Corridor schools combat high rates of flu and other illnesses

    At St. Matthew Elementary, around 8% of students were out sick the week before spring break.

    A week before spring break, many Corridor classrooms are emptying out. But not because kids are on vacation.

    "How fast it kind of came up and has taken us by storm," St. Matthew Elementary principal Amy Conlon says of a recent outbreak of influenza.

    "I think we've had worse years than this but it seems to be hitting us later than usual," says Regis Middle School nurse Cassie Wessels.

    The mid-March outbreak of flu and other illnesses -- strep throat, bronchitis, walking pneumonia -- is keeping school nurses like Wessels up to their eyes in cough drops and Kleenex.

    "I think we've been within the seven to eight percent of the student population out ill," Wessels says.

    Most of St. Matthew’s absences, also close to 10% of students, are due to influenza A.

    "Sore throats with fevers but no other symptoms, or students who, their stomach, they're just not settled," Principal Conlon explains some of the symptoms parents have been reporting to the school.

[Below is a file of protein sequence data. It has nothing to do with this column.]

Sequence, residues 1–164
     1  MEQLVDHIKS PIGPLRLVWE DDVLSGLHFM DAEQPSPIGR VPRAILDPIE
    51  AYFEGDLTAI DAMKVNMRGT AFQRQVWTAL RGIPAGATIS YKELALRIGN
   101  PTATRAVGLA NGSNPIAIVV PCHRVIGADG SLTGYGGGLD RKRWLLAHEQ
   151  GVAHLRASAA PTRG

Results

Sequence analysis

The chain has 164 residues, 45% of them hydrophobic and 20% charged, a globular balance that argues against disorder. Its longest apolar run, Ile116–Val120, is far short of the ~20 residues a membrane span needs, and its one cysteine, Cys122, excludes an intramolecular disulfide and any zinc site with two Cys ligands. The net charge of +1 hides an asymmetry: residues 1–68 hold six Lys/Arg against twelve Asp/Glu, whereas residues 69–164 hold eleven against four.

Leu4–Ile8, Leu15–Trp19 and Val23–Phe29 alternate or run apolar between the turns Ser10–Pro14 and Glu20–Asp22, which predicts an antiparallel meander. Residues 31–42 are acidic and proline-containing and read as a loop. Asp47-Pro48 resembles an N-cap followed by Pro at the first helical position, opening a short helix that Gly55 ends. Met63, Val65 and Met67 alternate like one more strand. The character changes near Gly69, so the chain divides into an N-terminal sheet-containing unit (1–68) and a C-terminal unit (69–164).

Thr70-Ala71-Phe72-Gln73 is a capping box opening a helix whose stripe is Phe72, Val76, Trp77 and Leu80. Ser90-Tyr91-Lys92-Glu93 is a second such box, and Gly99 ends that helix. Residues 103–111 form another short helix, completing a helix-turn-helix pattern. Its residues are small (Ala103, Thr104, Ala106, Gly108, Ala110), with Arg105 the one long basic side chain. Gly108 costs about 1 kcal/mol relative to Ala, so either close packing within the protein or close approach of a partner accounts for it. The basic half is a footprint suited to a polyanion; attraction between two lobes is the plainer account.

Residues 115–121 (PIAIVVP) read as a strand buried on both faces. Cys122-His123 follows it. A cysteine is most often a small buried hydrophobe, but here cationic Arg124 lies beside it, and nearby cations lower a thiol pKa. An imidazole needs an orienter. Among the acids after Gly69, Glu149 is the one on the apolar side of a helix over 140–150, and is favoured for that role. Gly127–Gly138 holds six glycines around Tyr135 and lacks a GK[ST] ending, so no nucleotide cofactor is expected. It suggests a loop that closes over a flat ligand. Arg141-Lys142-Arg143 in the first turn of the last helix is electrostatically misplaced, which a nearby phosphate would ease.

In turn, if the school’s absences affect 10% of their total enrollment, they’ll report that to the Iowa Department of Public Health.

    IDPH statistics show that in late February, only 12 Iowa schools reported those kinds of absences. The next week, that number had more than doubled to 25 schools, with 12 in the district covering Linn County alone.

    Principal Conlon says usually by this time of year kids are getting over the flu. She thinks an abundance of snow days may be to blame for the flu bug biting so late.

    "This truly is our first full week of school since the beginning of January,” she says. “With students now being back together for longer periods of time, it makes sense that they're going to start sharing those germs."

    In Benton Community Schools, an email was sent to parents letting them know flu and other illnesses were widespread in the middle and high schools; school nurse Jamie Bruns says they’re just starting to see that taper off.

    The Cedar Rapids Community School District reports so far, they’re not seeing widespread illness keeping kids home.

    The schools are doing their part to combat those germs: sanitizing surfaces that kids touch a lot and wiping down common areas. Germs are being shared even if your child seems well. IDPH says flu can be spread up to a day before the first symptoms show up and can be spread up to a full week after becoming sick. Wessels says parents have been sending their kids back to school too soon.

    "The fever will break and they'll feel better and then redevelop a day or two later," she says.

    Most schools have a policy that students should not return to school until their fever or other symptoms have been gone, without the aid of medicines, for a full 24 hours. Some schools are even recommending students take two full days off after a fever breaks.

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